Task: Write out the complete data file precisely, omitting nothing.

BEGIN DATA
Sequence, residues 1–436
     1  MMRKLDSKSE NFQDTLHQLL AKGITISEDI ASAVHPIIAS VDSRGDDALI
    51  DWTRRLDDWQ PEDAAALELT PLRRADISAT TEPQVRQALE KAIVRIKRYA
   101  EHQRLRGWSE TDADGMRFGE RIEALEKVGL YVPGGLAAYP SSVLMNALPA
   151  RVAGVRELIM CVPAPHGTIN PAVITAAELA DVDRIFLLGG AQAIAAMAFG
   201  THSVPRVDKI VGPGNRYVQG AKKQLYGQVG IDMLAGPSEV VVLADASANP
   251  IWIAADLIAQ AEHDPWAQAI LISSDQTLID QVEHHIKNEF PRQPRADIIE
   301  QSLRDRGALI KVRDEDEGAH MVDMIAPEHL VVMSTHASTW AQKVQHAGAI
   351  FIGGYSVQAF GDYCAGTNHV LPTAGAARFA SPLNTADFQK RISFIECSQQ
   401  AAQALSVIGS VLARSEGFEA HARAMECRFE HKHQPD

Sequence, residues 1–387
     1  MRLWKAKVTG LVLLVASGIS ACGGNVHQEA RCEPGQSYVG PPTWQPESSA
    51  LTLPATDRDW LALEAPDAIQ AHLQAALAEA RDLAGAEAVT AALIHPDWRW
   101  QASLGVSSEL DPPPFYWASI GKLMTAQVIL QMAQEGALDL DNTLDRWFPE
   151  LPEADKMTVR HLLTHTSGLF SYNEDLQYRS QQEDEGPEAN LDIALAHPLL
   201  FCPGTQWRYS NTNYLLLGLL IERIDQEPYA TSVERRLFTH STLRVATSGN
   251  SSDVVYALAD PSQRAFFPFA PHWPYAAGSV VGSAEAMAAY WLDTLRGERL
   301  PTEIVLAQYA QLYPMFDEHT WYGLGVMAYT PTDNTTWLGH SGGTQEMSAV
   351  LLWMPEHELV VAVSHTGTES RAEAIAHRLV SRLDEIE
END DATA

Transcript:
Sequence, residues 1–436
     1  MMRKLDSKSE NFQDTLHQLL AKGITISEDI ASAVHPIIAS VDSRGDDALI
    51  DWTRRLDDWQ PEDAAALELT PLRRADISAT TEPQVRQALE KAIVRIKRYA
   101  EHQRLRGWSE TDADGMRFGE RIEALEKVGL YVPGGLAAYP SSVLMNALPA
   151  RVAGVRELIM CVPAPHGTIN PAVITAAELA DVDRIFLLGG AQAIAAMAFG
   201  THSVPRVDKI VGPGNRYVQG AKKQLYGQVG IDMLAGPSEV VVLADASANP
   251  IWIAADLIAQ AEHDPWAQAI LISSDQTLID QVEHHIKNEF PRQPRADIIE
   301  QSLRDRGALI KVRDEDEGAH MVDMIAPEHL VVMSTHASTW AQKVQHAGAI
   351  FIGGYSVQAF GDYCAGTNHV LPTAGAARFA SPLNTADFQK RISFIECSQQ
   401  AAQALSVIGS VLARSEGFEA HARAMECRFE HKHQPD

Sequence, residues 1–387
     1  MRLWKAKVTG LVLLVASGIS ACGGNVHQEA RCEPGQSYVG PPTWQPESSA
    51  LTLPATDRDW LALEAPDAIQ AHLQAALAEA RDLAGAEAVT AALIHPDWRW
   101  QASLGVSSEL DPPPFYWASI GKLMTAQVIL QMAQEGALDL DNTLDRWFPE
   151  LPEADKMTVR HLLTHTSGLF SYNEDLQYRS QQEDEGPEAN LDIALAHPLL
   201  FCPGTQWRYS NTNYLLLGLL IERIDQEPYA TSVERRLFTH STLRVATSGN
   251  SSDVVYALAD PSQRAFFPFA PHWPYAAGSV VGSAEAMAAY WLDTLRGERL
   301  PTEIVLAQYA QLYPMFDEHT WYGLGVMAYT PTDNTTWLGH SGGTQEMSAV
   351  LLWMPEHELV VAVSHTGTES RAEAIAHRLV SRLDEIE